Beyond Babedom

We're (way) over 40. Deal with it.

Pass Me the Coke

Twenty years ago you couldn’t say “Coke” without making someone snicker and picture pubic hair on a Coke can. Yes, it’s been two decades since Anita Hill was dragged through the mud for coming forward with her story of sexual harassment  and Clarence Thomas was confirmed to a lifetime position on the Supreme Court, despite Anita’s testimony about his perverse nature (much of which has since been independently confirmed). Wherever you stand on that piece of history may be colored by your own history: if you’ve been a victim of harassment  (and I’m going to guess most women over 40 have been at one time or another) or if you’re a harasser yourself. . .

What actually constitutes harassment? Most women know; I’m going to guess a lot of men don’t.  Some kinds are obvious – the touching, the grabbing, the unwanted sexual pressure by a boss. But not all of it is all that clear to everyone. What is “courting” between two people can be harassment when one of the two just isn’t interested. But when a guy yells “Hey, how would you like to suck. . .?” from a construction site, most people would probably concur (except, of course, the guy doing the yelling).

But, what if he yelled, “Hey, baby, you’re beautiful,” or “Wow! Nice legs!”? That’s where it starts to get confusing – for the harassee, anyway.  How do I know if I’m harassing someone? I’m just complimenting her! Well, I’ve come up with a few standards to help those somewhat dense guys before they throw caution to the wind:

1- Consider whether or not it would bother you personally. No, not the exact same “compliment.” Something more specific to a man, such as “Hey, if you weren’t bald I could really go for you!” or “You look really good for a old guy.”

2- If you heard some guy yelling what you’re considering yelling to your mother, would it bother you? You know,  stuff like “Nice jugs” or “Oh, yah, Mamie. Let’s do it!” In fact, would you like anybody yelling anything at your dear old Mom?

3- Not everything you might consider saying is necessarily a compliment. Sometimes it’s a suggestion, like “Hey, wanna f*ck?” So, think about how you’d react to a suggestion like, “Oh, baby, why don’t you come home with me and cut the lawn?” or “I’d really like to shave your back!”

4- Finally, you have to consider the fact that, as attractive and desirable you are (or think you are. . . ), not every woman will necessarily feel the same way. Some may even consider you incredibly gross and feel nauseous at the thought of being with you. So, think about what kind of person coming on to you would really turn you off, female or male. In fact, if you’re straight (which I assume you are if you’re harassing women), I want you to think about a very determined gay man approaching you, despite your attempts to avoid him. Go on; picture it. Feel it. Emerge yourself in it.

That’s how we feel.

Now you get it.

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This entry was posted on Thursday, October 13th, 2011 at 1:39 AM and is filed under men. You can follow any responses to this entry through the RSS 2.0 feed. You can leave a response, or trackback from your own site.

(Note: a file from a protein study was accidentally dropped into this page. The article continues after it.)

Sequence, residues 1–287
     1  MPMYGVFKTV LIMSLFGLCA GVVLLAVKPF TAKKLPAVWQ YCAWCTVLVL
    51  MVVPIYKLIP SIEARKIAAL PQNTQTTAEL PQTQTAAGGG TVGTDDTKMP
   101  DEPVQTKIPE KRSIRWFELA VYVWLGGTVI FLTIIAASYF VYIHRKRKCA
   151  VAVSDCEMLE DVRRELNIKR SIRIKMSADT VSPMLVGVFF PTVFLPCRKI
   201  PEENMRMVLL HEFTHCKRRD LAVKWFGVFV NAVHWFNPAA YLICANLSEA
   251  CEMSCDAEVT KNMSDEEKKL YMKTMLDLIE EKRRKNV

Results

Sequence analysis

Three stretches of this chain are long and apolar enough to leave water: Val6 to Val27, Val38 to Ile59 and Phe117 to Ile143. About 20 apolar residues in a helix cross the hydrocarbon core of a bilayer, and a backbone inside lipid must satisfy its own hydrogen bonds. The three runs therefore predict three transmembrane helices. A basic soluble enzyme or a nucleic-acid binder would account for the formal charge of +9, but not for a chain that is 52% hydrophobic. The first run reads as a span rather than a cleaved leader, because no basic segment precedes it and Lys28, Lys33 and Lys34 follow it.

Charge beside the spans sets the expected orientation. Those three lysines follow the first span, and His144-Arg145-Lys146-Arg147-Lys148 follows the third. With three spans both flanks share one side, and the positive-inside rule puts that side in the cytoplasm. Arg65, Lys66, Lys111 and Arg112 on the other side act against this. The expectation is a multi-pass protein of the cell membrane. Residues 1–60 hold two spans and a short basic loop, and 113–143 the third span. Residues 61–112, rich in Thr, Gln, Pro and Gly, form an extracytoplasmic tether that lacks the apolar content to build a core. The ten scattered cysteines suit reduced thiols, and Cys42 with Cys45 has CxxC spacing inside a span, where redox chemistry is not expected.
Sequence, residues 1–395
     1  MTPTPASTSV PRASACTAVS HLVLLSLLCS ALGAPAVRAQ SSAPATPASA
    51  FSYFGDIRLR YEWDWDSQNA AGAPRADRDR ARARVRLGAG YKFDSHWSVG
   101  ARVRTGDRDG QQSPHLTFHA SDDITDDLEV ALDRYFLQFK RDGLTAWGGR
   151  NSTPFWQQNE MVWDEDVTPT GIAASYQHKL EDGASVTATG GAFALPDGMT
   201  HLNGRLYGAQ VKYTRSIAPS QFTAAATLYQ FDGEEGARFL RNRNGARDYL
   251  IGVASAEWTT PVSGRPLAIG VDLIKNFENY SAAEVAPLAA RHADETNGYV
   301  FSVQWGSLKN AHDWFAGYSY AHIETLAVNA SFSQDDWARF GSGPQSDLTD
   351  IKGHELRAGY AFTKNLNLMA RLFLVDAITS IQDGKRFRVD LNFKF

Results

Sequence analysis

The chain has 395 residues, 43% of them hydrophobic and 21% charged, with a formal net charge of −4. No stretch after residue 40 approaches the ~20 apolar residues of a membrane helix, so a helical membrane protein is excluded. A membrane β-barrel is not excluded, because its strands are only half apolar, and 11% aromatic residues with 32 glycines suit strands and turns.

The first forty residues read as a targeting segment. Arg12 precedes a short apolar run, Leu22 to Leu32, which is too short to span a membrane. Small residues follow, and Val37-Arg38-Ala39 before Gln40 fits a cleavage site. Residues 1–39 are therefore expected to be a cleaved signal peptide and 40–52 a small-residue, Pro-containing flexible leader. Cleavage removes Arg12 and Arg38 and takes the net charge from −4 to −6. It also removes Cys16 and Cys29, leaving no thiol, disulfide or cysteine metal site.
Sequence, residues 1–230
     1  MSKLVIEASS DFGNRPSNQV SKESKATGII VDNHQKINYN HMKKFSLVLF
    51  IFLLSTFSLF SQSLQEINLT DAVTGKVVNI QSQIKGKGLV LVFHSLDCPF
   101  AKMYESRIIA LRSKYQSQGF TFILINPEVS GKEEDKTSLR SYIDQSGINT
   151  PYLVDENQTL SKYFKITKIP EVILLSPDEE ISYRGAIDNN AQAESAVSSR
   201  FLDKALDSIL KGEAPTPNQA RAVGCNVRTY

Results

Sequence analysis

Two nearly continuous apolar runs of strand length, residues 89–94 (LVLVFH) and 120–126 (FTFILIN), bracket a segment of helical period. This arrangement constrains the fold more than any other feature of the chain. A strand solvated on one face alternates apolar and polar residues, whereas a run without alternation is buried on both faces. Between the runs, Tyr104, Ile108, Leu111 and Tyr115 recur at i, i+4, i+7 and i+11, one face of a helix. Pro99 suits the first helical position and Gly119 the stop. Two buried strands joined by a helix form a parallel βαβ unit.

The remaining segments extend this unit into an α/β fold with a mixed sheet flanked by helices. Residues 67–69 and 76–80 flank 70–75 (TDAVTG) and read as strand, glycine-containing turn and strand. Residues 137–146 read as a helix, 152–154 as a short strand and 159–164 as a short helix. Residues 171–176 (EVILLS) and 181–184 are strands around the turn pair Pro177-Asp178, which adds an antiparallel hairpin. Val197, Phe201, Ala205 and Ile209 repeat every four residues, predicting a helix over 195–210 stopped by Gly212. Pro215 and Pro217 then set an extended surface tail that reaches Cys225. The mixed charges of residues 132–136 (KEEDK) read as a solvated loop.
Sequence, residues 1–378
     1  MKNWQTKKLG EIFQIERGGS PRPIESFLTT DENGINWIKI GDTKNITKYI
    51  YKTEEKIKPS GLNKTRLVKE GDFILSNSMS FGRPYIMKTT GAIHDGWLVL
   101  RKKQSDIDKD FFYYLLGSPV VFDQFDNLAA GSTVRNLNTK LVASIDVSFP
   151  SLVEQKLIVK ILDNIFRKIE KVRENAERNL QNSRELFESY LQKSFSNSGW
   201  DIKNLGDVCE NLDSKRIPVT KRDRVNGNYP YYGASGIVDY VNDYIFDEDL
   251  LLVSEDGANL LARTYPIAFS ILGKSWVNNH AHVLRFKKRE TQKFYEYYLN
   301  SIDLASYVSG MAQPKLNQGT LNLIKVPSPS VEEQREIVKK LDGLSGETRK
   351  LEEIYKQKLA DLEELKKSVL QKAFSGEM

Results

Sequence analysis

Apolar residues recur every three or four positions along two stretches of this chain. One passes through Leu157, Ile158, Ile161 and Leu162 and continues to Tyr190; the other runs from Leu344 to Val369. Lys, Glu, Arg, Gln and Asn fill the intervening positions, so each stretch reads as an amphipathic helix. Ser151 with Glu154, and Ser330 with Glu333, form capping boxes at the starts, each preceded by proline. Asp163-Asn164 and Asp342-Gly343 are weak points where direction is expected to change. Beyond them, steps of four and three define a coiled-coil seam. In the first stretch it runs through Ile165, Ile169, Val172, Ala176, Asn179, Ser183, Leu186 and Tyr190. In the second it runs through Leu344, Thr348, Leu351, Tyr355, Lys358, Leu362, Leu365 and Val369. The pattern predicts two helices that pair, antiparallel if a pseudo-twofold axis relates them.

1. Patrice says:

    I, personally, don’t find the “nice legs” or “hey gorgeous” harassment. Angie came up with a great one if some says “f*&k you”…it’s simple…You’ll fall in love and I’ll fall asleep…..usually works to shut them up, if they’re bright enough to understand what you said. I remember working, many years ago at that tile company with Diann Kelly and that disgusting Mr. Vickers would sexually harass every woman in the office. I was 14 and he tried rubbing himself on my back while i was sitting in a chair. I immediately yelled-“what the hell are you doing?” needless to say, he no longer did that to me, although other women in the office allowed him to continue because he was a big wig…what is really was is a big pig. Also had a situation, again at 14, where a male figure in my life would expose himself to me. Fortunately, I had you to go to for advice and by simply telling him that I would tell on him if he did it again worked. I began to think that there was something wrong with me and not the men who were doing such things to me. Got raped by an ex boyfriend in mid 20’s and did nothing about it, believing I must have been responsible. Gratefully, at the wise age of 39.95 (+tax), I would never believe it was me and would certainly take action against the PIG.
    just saying…….

    • Yes, Patrice, when you yelled at Mr Vickers he backed off – but, then again, you didn’t work there and have to worry about losing your job. Back then, women didn’t have the protection of sexual harassment laws. But, even now, you have to prove it. And who can afford to lose their job, get publicly humiliated, get black balled from an industry? Even today, it’s a courageous woman (and one who can afford it) who will stand up and fight.

  2. Barry Jay says:

    I remember Lynn always telling me about the men she delt with a Merrill Lynch. After a huge rollout of their brokerage terminals in 1983, there was a huge party in Princeton. The entire excutive staff was there..from the CEO and down. When it’s was LYnn’s turn to receive her award for “Tenacity”..she stood in front of the entire audience and said “You have no idea what it’s like being the only woman in the room when talking about a cut in Beaver Pennsylvania” (A “Cut” was a cutover…when a Merrill office switched from one system to another). The audience roared….if you can’t beat em’, join em’.

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